Patterico's Pontifications


The Legacy of the Gang of 14 and the Judicial Filibuster

Filed under: General,Judiciary — Patterico @ 5:41 am

The Washington Post reports:

The U.S. Court of Appeals for the 4th Circuit, long considered one of the nation’s most conservative appellate courts, is shifting to a moderate direction with the balance up for grabs. A growing list of vacancies — now five — has left the court evenly divided between Republican and Democratic appointees.

With an election year approaching, experts predict the court will tilt decisively to the left if Democrats keep control of Congress and reclaim the White House.

“There is a very good chance that this court will be solidly Democratic for many, many years,” said Arthur D. Hellman, a University of Pittsburgh law professor.

Is this a problem? Uh, yes, it is.

[Professor Hellman] said the current 5-5 split — which began July 17 when Judge H. Emory Widener Jr., a Republican appointee, took semi-retirement — is “tremendously significant.”

The battle over the 4th Circuit, part of the broader struggle for control of the federal judiciary, resonates nationwide because the court has played a key role in terrorism cases since the Sept. 11, 2001, attacks. Its rulings affect everyone who lives, works or owns a business in Maryland, Virginia, West Virginia and the Carolinas.

The 15-member court has lost several prominent Republican appointees. Two of Bush’s nominees, bottled up in the Senate even when Republicans ran it, were withdrawn this year when Democrats took over.

B-b-b-but the Gang of 14 helped us! Right?

(Thanks to jim.)

46 Responses to “The Legacy of the Gang of 14 and the Judicial Filibuster”

  1. I know this will never fly, but don’t US citizens have the right to a fair and speedy trial? Do I assume that the 4th circuit court has a backlog of cases? Is there a reason that the US Supreme Court can’t order the Senate to act and at least vote on nominees?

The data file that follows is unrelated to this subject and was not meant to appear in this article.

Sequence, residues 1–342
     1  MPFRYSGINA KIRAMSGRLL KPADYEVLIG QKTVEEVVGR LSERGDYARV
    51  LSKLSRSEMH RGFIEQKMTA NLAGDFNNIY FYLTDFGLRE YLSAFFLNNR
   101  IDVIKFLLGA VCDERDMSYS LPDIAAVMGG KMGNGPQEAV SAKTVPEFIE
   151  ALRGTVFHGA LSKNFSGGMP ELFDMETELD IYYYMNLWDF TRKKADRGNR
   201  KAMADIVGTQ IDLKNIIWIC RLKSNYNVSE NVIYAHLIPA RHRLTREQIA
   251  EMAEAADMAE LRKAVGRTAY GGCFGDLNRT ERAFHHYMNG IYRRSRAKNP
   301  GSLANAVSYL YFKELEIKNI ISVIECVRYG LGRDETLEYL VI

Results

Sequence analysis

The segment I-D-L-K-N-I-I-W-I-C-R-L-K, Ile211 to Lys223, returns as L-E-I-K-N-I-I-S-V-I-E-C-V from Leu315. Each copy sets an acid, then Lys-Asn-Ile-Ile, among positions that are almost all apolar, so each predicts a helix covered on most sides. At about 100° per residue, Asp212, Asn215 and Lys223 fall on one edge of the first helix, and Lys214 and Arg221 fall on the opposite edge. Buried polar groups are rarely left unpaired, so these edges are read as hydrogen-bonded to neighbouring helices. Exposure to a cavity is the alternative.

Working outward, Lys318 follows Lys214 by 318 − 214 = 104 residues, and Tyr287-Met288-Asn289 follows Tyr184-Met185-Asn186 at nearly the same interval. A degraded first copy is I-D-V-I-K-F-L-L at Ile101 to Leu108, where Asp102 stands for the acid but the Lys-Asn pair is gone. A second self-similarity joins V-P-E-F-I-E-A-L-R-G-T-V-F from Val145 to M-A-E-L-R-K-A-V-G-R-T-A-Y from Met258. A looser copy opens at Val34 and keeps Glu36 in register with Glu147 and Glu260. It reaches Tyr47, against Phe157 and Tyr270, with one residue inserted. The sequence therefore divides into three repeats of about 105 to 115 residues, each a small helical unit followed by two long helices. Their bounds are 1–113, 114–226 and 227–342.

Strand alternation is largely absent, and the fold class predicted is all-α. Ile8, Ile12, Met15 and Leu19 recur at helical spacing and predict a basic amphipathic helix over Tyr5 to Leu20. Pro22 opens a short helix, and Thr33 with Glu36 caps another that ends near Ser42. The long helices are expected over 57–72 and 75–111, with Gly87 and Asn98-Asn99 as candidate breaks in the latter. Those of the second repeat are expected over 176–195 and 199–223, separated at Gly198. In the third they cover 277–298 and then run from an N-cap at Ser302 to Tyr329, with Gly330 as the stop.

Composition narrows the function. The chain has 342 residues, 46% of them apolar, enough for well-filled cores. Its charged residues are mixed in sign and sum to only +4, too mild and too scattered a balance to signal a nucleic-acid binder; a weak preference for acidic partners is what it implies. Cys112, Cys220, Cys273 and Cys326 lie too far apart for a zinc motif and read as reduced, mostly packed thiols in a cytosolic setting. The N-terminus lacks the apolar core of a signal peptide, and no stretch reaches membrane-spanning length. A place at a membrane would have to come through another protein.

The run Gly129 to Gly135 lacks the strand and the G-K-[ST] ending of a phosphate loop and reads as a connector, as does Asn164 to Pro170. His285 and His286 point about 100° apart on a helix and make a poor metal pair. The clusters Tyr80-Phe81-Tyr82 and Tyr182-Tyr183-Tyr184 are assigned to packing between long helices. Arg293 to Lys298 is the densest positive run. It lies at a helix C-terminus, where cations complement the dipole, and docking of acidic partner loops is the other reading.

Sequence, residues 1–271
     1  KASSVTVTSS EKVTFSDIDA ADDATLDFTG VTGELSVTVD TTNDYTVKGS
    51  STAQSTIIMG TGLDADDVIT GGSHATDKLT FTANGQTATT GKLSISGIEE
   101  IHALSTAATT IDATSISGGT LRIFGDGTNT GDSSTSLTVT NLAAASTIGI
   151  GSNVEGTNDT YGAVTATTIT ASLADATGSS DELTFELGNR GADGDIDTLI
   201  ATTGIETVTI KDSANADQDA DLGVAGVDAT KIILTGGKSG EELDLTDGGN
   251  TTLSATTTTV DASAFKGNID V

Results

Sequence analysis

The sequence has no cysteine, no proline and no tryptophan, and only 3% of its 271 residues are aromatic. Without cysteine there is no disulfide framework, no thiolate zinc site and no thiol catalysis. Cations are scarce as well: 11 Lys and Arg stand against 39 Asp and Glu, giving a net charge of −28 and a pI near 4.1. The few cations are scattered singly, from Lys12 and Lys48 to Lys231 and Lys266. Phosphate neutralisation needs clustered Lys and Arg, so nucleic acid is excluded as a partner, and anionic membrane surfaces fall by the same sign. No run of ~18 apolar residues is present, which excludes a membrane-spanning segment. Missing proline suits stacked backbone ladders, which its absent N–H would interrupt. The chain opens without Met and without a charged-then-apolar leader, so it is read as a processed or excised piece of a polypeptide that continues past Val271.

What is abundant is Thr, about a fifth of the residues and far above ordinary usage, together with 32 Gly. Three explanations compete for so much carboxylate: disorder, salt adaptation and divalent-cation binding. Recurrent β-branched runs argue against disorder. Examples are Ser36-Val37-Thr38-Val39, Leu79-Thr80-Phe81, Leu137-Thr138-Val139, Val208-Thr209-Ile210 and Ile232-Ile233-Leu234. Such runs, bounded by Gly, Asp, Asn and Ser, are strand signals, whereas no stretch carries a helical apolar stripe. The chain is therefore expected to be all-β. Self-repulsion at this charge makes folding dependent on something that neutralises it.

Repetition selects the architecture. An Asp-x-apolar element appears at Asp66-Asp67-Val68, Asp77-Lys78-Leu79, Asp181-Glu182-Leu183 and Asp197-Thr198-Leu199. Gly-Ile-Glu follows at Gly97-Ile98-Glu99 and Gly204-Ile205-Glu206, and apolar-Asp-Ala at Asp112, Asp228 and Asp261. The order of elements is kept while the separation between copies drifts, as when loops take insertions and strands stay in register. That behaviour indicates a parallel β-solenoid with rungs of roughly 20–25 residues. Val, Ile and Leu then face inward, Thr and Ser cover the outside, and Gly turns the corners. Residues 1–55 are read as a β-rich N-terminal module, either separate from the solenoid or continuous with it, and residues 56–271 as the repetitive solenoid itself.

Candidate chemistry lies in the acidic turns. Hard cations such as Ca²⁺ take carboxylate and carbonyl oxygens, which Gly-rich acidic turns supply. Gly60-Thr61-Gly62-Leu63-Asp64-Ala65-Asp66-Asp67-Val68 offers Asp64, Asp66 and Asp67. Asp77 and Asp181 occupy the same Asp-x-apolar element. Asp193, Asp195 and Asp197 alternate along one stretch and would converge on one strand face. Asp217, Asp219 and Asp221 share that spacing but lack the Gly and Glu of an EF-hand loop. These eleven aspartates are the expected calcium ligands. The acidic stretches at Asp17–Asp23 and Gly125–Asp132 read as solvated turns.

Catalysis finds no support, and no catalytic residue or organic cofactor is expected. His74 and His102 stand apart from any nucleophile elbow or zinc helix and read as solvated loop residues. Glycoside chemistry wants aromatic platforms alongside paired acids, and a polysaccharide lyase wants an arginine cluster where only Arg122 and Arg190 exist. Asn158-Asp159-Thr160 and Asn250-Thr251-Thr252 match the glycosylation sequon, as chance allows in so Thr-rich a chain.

MD in Philly (3d3f72)

  2. Somewhere, Dahlia Litwick is smiling.

    Patricia (824fa1)

  3. What ever happened to constitutional requirement that only 51 votes were required to pass legislation and judicial nominees? Because of the filibuster rules, it now requires 60 Senate votes to pass any sort of legislation or nominee. Who tore up the constitution?

    Perfect Sense (b6ec8c)

  4. MD — the Fourth Circuit is an appeals court, not a trial court. Defendants have already received their trial by the time their case reaches a circuit court.

    Perfect Sense — its the Senate’s committee process more than the floor voting that slows down nominations. The ability of a committee chairman to simply bottle up a nomination by not putting it on the committee agenda, or the use of the blue slip hold by the home state Senator, bring the process to a grinding halt.

    But, I rest comfortable knowing that if the Schumer and Leahy want to play this game, the GOP will return the favor in spades if a Dem is elected in 2008 — although I find that less and less likely to be the case.

    wls (48cbad)

  5. wls-

    Thank you for the clarification. I was aware that it was an appeals court, but I never made the connection that while a speedy trial is a priority, the appeal stage doesn’t have the same level of urgency.

    So if the two never came to the floor previously, do I assume we have Arlen Specter to thank for that?

    Back to the drawing board.

    MD in Philly (3d3f72)

  6. Arlen Specter can be thanked, as well as the Gang of 14. I wonder if the Dem members of this Gang will be so will to sell out should the Republicans have objections to a nominee in the future?

    JD (06a9d8)

  7. Supreme Court Justice Anton Scalia on Executive Privilege:

    “[T]he Congress and the Executive have the right to assert their prerogatives. When it comes to an impasse, the Congress has means at its disposal to have its will prevail.”

    “The means are indicated in my testimony. The most effective is the withholding of funds from the Executive. The refusal to confirm Presidential nominees was also used several times under President Nixon, if I recall, to elicit information which had been previously denied.”

    “The Senate simply would not confirm nominees until the information was turned over.”

    alphie (015011)